Many people will automatically assume that a drug addiction means that the abuser is addicted to illegal substances such as cocaine or heroin. However, this is not always the case as prescription drug addictions are on the rise. These addictions are not as widely publicised as, say, the use of illegal drugs are, which leads to a lot of confusion surrounding the issue.
A prescription drug addiction is just as dangerous as any other drug addiction and is one that affects many people all over the world. There is a common misconception that just because a doctor prescribes a prescription drug they are harmless, and developing an addiction to them could not even be considered. Nevertheless, this information is false, and prescription drugs can be just as harmful as any illegal drug when abused.
Cathryn Kemp is a recovering prescription drug addict who knows the devastating effects of this addiction all too well. Thinking back to the lowest point of her addiction, she said, “I used to put suicide notes to my family under my pillow each night because I knew what I was doing could kill me. I was taking an amount that could have floored an elephant.”
Cathryn’s prescription drug addiction began when she was admitted to hospital with a painful case of pancreatitis. When she was discharged, she was given a prescription of eight fentanyl lozenges a day. Fast forward two years, the addiction had taken control, and it was not uncommon for her to be taking at least sixty pills a day. She experienced many intense withdrawal symptoms as a side effect of abusing the pills, including fierce muscle cramps, nausea, and even hallucinations.
Cathryn would plead with her doctor to continue with the prescription of large doses that had consequently led to her addiction. She explained, “I was displaying classic addict behaviour, hiding lozenges around my cottage in case I ran out. There was a strange dance between me and him [her doctor]. He knew very quickly I was an addict, and I knew he knew. I would shout and scream in his office. I would lie to him about pain attacks.” The doctor tried to support her by offering other forms of pain relief such as electro-acupuncture, but these did not work for Cathryn. Eventually, it came to the point where her GP simply refused to prescribe any more pills.
This was the point that everything changed for Cathryn. She decided that enough was enough and admitted herself to a rehab clinic. She described herself as ‘one of the lucky ones’ as she successfully overcame her addiction. Sadly, many people around the world are silently suffering from a prescription drug addiction as their doctors continually prescribe the drug in question, unaware of their patients’ addiction.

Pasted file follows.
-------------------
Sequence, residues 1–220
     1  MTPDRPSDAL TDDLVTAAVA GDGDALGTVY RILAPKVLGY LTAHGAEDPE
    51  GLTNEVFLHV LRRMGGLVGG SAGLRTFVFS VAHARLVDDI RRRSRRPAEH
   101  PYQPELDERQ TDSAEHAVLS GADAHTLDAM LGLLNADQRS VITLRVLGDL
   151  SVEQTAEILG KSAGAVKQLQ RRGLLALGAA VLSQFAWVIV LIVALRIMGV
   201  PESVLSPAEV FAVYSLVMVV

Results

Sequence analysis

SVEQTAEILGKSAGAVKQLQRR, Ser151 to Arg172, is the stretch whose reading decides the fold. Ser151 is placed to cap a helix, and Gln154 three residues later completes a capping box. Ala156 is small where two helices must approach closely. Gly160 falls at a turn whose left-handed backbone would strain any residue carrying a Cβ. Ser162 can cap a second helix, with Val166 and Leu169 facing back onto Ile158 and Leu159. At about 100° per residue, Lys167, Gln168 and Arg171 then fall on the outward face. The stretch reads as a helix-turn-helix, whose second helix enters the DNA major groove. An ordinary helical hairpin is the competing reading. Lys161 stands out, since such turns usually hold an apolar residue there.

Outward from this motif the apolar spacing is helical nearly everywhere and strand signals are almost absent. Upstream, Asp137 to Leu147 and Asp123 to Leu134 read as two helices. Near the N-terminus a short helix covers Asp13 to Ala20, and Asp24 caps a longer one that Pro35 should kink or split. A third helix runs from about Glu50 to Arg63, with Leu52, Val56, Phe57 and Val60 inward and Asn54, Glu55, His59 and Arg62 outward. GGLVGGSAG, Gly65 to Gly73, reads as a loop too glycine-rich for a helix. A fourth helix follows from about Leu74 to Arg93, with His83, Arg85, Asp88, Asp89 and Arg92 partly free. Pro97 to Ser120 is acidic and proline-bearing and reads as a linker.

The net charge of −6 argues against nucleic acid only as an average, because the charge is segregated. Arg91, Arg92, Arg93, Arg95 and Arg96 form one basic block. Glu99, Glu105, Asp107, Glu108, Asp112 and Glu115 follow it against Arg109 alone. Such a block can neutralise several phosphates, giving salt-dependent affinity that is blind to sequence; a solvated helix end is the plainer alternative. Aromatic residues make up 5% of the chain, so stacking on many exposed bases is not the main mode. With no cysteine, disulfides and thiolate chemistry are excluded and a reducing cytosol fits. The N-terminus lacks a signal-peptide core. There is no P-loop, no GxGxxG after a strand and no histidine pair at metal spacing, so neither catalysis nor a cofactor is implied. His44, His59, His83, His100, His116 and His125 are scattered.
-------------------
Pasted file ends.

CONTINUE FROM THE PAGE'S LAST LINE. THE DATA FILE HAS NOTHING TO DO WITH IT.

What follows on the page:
Public Health England spokesperson George Ryan has commented on the issue by saying, “GPs need to be educated about the risks of addiction to opioid painkillers – and that the drugs become ineffective when used long-term. When you’re running an hour behind, it’s very tempting to reach for the prescription pad. We have all done it.” He has pointed out that with such short appointment timeframes allocated by the NHS, it does not leave a large amount of time to discuss these issues in detail. This can lead to many individuals not saying anything at all, which ultimately allows their addiction to progress and continue with the detrimental effects on their lives and the lives of those around them.
The first step in almost every successful drug addiction treatment is detox, followed by a programme of rehabilitation. Detox involves eliminating the substance to which one is addicted from the body. In most cases, the patient will detox under the supervision of a medical professional in case anything goes wrong in regards to severe withdrawal symptoms. There are also detox facilities that provide around-the-clock support for those going through the process.
Once detox has been successfully completed, treatment can begin in earnest. Several factors go into determining which treatment clinic would be the most benefit to the affected individual. These include personal situation as well as the severity of the addiction. The two most common are inpatient and outpatient treatment clinics. Many people prefer to receive treatment in an inpatient facility as this means having 24/7 support from dedicated professionals. However, for many, outpatient treatment is the only way as they simply cannot afford the fees that come with an inpatient treatment clinic or they cannot dedicate the time required for inpatient treatment.
Here at UKAT.co.uk, we can assist with finding the most beneficial treatment clinic to suit your own personal requirements. We have many different treatment centres that have helped many people around the UK. Contact us today for any information on treatments or clinics that will help you get on that rewarding road to sobriety.
Source: How I got addicted to painkillers (New Scientist)
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